History of Hiroshima : 1945-1995

History of Hiroshima: 1945-1995 (Part 5, Article 1)

The Early Days of the A-bomb Survivors’ Movement

by Yoshifumi Fukushima, Staff Writer

Note: This article was originally published in 1995.

There is no catch-phrase on a poster created five years ago by the Japan Confederation of A- and H-bomb Sufferers Organizations, a nationwide organization of A-bomb survivors, for the 45th anniversary of the atomic bombing. With the heading “Juyonsai no Tsume,” (“Fingernails of a 14-year-old”), the story of a death due to the atomic bombing, written in both Japanese and English, fills up the poster.

The story involves a boy, a middle school student at the time, who suffered severe burns in the blast. He begs his mother for water, but his mother steels her heart and refuses, afraid that the water will harm him, as it seems to have harmed other victims. When the boy rubs his arms, the skin peels away and his fingernails drop off. Unable to bear his thirst, he sucks at the fluid oozing from his fingertips. The next day, this 14-year-old boy dies.

The A-bomb survivors’ movement was originally sparked by a rage that had no outlet, and that movement has been sustained to this day. In the beginning, suffering from poverty and radiation-induced health concerns, the A-bomb survivors called for medical treatment and support for their livelihoods. They did not ask for charity. The movement has championed their opposition to nuclear arms, which deprived them of their health, their livelihoods, even their humanity. At the same time, the movement has involved a struggle in which the survivors have questioned where the responsibility lies for their loss.

The Japan Confederation of A- and H-bomb Sufferers Organizations, which organized the A-bomb survivors’ movement, remained unified even in the face of a split in its campaign against atomic and hydrogen bombs, and continued to point to the nation’s responsibility in calling for enhancements to the Atomic Bomb Survivors Relief Law. Now, though, the organization faces the new problem of an aging membership. The silent cry from the poster with the story of the 14-year-old boy is: “No more hibakusha.” That cry will linger until the day nuclear weapons are eliminated from the earth.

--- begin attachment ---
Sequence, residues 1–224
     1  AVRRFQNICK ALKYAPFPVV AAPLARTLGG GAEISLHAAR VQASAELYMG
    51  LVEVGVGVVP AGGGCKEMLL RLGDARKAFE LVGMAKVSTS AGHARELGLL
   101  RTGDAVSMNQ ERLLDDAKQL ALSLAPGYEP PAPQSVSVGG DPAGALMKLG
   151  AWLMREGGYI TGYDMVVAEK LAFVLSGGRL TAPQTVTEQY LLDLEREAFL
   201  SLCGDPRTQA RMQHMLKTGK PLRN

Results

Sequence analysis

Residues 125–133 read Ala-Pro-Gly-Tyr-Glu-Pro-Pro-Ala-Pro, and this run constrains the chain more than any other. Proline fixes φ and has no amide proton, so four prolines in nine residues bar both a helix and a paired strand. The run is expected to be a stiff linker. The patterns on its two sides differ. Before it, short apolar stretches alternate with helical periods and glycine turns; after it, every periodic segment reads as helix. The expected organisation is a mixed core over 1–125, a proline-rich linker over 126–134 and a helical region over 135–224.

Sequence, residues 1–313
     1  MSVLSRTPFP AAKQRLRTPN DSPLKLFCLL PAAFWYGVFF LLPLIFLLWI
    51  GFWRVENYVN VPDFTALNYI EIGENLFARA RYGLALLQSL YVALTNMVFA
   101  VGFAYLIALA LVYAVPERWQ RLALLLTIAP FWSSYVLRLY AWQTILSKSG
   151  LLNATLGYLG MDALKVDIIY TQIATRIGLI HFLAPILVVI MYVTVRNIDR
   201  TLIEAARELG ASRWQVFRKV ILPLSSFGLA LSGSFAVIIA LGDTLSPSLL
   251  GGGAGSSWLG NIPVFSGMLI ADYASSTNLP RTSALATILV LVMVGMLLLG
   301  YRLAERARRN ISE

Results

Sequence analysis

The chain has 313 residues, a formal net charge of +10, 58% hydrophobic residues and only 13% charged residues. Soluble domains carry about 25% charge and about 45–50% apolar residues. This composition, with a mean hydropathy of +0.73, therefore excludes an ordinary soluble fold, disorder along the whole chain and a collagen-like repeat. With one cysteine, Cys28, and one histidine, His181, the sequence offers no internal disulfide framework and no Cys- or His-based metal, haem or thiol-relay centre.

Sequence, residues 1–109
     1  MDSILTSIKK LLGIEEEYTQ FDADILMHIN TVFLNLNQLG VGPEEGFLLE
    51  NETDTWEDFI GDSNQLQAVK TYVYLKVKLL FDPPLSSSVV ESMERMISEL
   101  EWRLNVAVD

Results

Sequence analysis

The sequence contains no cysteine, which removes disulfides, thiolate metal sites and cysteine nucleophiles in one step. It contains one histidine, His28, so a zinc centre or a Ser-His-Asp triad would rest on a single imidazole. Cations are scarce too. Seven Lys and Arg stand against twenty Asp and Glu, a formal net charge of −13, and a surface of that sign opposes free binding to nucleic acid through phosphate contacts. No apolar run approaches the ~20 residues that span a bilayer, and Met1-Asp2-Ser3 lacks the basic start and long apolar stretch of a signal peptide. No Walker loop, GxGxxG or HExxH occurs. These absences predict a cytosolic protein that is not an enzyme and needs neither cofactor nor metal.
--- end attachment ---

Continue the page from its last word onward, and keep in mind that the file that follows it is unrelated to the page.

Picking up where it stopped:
Kiyoshi Kikkawa, “Atomic bomb victim No. 1,” shows keloid scars as warning

Keloid scars were raised on his back, giving the impression of pine cones. In the auditorium of the Hiroshima Red Cross Hospital, a team of American journalists and scientists surrounded this male in-patient, their cameras flashing in surprise.

A voice said: “Kiyoshi Kikkawa, Atomic Bomb Victim No. 1.” It was April 30, 1947, two years after the atomic bombing. Since that moment, Kiyoshi Kikkawa became known as “Genbaku Ichigo,” or “Atomic Bomb Victim No. 1.” Whenever visitors came to Hiroshima from other parts of Japan or from overseas, Mr. Kikkawa would show his back at their request, despite sometimes being called a “heiwaya,” or “peacemonger.”

“I remember my husband returning to his hospital room and murmuring that it made him sad,” said Mr. Kikkawa’s wife Ikimi, 73, a resident of Naka Ward, Hiroshima. When the hospital first asked him to show his back, he reacted sharply: “I’m in pain because of the atomic bomb, dropped by the United States. Why should I show them my body, too?” But Ikimi said that her husband contained his indignation and humiliation, then went out to face the flashbulbs.

“He was crying inside when he exposed his keloids,” Ikimi said. “I think he did it because he wanted to send a warning so that the suffering of the A-bomb survivors would not be repeated.” A photo of her husband, who passed away nine years ago in January 1986, gazed down at Ikimi from the wall.

Mr. Kikkawa was exposed to the flash of the atomic bomb the moment he entered his home in the Hakushima district. He had just come off the night shift at the Hiroden Streetcar Company, helping to make preparations against aerial attacks. The skin on his back and his elbows, both severely burned, hung from his body in tatters. For more than two months, he and his wife, who also suffered burns, were given treatment at a temple in the Kabe area. While he was there, victims of the bombing were being cremated on a nearby riverbank, day and night. As summer turned to fall, his wife, who had regained some mobility, took to boiling the stalks and leaves of sweet potatoes in an empty can, enabling them to survive.